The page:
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Advanced NGSI NDA Techniques

In 2009, the Next Generation Safeguards Initiative (NGSI)* commenced a 5 year project to develop better instrumentation for nondestructive assay of spent nuclear fuel (Ref. 18).  The primary goals of the spent fuel NDA program was to improve the ability to determine plutonium quantity and to detect partial defects (missing fuel rods) in spent fuel assemblies.  Fourteen NDA methods were evaluated and in 2012, eight methods were selected for further study as part of 4 integrated technique instruments.  This section reviews the 8 methods selected for further study and presents the combinations for the integrated NDA instruments.  The eight independent NDA methods are

Aside from PG and TN, which represent traditional spent fuel safeguards techniques already covered in this course, each of these methods are described in the following interactive table.

Table 15. Independent Advanced NGSI NDA Techniques

PNAR

Passive Neutron Albedo Reactivity (PNAR)

PNAR
Figure 26. PNAR-FC cross-sections. A horizontal slice is shown on the left and a vertical slice is shown on the right. The two diagrams are not on the same scale. (from Ref. 19)

PNAR uses reflected neutrons from a spent nuclear fuel assembly to induce fission and characterize total fissile content (Ref. 19).  The PNAR system surrounds a fuel assembly on all sides with polyethylene to reflect emitted spent nuclear fuel neutrons.  Embedded in the polyethylene are four fission chambers (1 on each side).  PNAR evaluates the ratio of two neutron counts.  This first count is with the system as just described.  The second measurement is recorded with a cadmium layer inserted between the fuel assembly and the polyethylene.  Total fissile material content is characterized as a weighted average of the mass of U-235, Pu-239, and Pu-241.  Figure 26 illustrates horizontal and vertical cross-sectional views of the PNAR system.  PNAR has also been studied with He-3 neutron detectors instead of fission chambers.

DDA

Differential Die-Away (DDA)

DDA
Figure 27. Schematic cross-sectional view of the DDA instrument (from (Ref. 20)

The DDA method uses the difference in die-away (or decay) time between epithermal (medium energy) and thermal (low energy) neutrons to characterize the amount of fissile material in spent nuclear fuel assemblies (Ref. 20).  DDA uses a neutron generator to induce fissions in the spent fuel.  He-3 tubes in polyethylene moderator detect neutrons.  A cadmium liner around the polyethylene is used for some of He-3 tubes to absorb thermal neutrons and make the Cd-lined He-3 positions sensitive to only fast (high energy) and epi-thermal neutrons.   Without the presence of fissile material in the spent fuel, epithermal and fast neutrons die-away very quickly while thermal neutrons die-away more slowly.  As the amount of fissile material and neutron production from fission increases, the die-away time of epi-thermal neutrons gets closer to that of the thermal neutron population.  The shift in the epi-thermal neutron population die-away time is proportional to that amount of fissile material in the fuel. Figure 27 shows a diagram of the DDA system.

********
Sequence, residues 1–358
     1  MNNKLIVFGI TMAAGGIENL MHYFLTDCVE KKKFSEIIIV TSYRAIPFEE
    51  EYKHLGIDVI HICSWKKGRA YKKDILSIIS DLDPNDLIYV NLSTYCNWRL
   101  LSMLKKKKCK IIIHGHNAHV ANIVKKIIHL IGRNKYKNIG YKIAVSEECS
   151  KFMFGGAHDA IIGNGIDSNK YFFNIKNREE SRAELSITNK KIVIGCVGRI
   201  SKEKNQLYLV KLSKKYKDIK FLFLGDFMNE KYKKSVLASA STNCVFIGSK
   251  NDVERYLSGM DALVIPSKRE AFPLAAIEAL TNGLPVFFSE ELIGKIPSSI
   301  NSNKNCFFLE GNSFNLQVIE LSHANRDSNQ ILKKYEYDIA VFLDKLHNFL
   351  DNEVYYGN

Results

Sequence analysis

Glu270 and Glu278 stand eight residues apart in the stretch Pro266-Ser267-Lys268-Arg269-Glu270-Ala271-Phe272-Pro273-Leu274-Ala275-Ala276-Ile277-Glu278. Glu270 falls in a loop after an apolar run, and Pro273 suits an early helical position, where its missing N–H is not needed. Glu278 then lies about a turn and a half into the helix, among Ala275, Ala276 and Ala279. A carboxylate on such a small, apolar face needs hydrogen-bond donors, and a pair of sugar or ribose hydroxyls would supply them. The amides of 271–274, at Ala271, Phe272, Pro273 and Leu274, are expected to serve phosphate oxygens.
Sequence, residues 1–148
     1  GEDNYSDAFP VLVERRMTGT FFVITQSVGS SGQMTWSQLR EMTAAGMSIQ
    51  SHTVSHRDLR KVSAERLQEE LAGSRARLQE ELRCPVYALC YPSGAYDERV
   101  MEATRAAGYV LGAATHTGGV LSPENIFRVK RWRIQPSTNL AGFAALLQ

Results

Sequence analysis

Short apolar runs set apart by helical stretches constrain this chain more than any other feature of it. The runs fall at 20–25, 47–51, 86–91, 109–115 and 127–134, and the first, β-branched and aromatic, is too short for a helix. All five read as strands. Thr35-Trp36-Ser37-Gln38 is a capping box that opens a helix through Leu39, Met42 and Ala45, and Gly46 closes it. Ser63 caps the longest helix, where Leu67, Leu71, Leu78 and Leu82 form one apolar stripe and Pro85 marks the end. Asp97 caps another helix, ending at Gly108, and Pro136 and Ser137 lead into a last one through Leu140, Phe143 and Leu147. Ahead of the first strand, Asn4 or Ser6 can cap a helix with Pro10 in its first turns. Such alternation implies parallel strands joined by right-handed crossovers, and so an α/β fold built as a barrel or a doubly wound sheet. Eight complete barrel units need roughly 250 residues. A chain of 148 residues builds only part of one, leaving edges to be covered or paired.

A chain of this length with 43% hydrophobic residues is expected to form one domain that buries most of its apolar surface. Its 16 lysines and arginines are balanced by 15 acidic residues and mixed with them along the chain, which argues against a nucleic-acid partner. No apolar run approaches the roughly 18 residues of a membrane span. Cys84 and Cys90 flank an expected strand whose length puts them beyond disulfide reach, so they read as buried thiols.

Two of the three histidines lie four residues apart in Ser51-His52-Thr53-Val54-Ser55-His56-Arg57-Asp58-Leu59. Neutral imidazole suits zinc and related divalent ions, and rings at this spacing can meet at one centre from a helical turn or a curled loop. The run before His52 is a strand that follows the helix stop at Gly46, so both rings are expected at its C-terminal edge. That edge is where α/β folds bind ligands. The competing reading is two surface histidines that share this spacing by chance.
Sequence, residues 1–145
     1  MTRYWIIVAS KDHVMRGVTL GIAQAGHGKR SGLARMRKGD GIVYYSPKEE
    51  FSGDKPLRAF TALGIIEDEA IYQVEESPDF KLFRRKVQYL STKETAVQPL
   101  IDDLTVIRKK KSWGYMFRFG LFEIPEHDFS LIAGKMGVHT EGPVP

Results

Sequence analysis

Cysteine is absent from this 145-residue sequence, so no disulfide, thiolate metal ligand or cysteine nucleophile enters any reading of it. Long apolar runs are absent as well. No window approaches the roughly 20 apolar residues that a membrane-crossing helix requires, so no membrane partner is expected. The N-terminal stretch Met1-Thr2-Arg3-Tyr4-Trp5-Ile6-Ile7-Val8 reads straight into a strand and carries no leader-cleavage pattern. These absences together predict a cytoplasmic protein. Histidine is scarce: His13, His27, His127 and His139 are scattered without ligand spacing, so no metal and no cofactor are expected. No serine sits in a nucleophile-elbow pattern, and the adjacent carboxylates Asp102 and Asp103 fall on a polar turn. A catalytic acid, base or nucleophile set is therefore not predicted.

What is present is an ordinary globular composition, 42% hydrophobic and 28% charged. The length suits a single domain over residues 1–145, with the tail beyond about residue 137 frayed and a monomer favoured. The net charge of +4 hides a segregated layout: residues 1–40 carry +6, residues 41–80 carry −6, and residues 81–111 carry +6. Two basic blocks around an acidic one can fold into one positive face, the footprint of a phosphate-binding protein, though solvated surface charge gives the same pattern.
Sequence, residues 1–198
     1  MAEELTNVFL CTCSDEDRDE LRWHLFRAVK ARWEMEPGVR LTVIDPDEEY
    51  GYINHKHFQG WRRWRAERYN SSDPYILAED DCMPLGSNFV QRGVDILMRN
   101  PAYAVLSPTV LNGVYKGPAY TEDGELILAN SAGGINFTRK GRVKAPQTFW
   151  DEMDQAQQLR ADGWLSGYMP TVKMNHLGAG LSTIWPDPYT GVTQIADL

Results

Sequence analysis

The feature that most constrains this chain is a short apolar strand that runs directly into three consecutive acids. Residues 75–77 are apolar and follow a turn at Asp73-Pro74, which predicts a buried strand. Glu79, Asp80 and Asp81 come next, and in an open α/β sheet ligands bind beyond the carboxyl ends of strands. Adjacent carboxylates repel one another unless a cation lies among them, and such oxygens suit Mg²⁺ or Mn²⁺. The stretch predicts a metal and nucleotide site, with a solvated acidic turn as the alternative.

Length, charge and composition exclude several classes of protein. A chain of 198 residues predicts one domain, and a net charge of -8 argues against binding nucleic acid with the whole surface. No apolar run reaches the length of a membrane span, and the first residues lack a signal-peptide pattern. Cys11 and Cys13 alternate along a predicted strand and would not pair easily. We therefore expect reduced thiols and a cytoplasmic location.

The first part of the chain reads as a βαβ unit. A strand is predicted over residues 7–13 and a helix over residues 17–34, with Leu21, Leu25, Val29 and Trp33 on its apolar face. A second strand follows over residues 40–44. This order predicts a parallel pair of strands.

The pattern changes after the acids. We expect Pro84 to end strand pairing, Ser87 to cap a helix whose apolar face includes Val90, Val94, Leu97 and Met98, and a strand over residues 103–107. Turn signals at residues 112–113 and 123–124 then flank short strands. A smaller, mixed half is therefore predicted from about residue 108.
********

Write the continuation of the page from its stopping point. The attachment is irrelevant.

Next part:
DN

Delayed Neutrons (DN)

The DN system was integrated with the DDA to make use of greater sensitivity of delayed neutron count rate to U-235 concentration (Ref. 21).  Delayed neutrons are emitted by very short lived fission products.  Delayed neutrons emission and detection lacks the coincident neutrons which are simultaneously emitted and detected for prompt fission neutrons.  Thus, delayed neutrons are counted by the detection system as single neutron events minus any background.  U-235 fission emits approximately 2.6 times as many delayed neutrons as Pu-239, so the signal is more dependent on the U-235 concentration.  The DN system works by repeatedly pulsing with a neutron source and counting a spent fuel assembly to produce a steady emission rate of delayed neutrons.  The amount of delayed neutrons emitted is proportional to the amount of fissile material in the spent fuel.  Due to the shared need for a strong neutron source, DN was integrated with DDA from the beginning of design.  The two He-3 tubes without a surrounding Cd liner in DDA system of Figure 25 are used for delayed neutron counting.  Given the greater dependence of the DN signal on U-235, the combined DN and DDA system may be able to resolve individual quantities for U-235 and Pu-239.

DDSI

Differential Die-Away Self-Interrogation (DDSI)

Ddsi -1
Figure 28. Neutron capture time distributions from spontaneous and induced fission events. (From Ref. 22)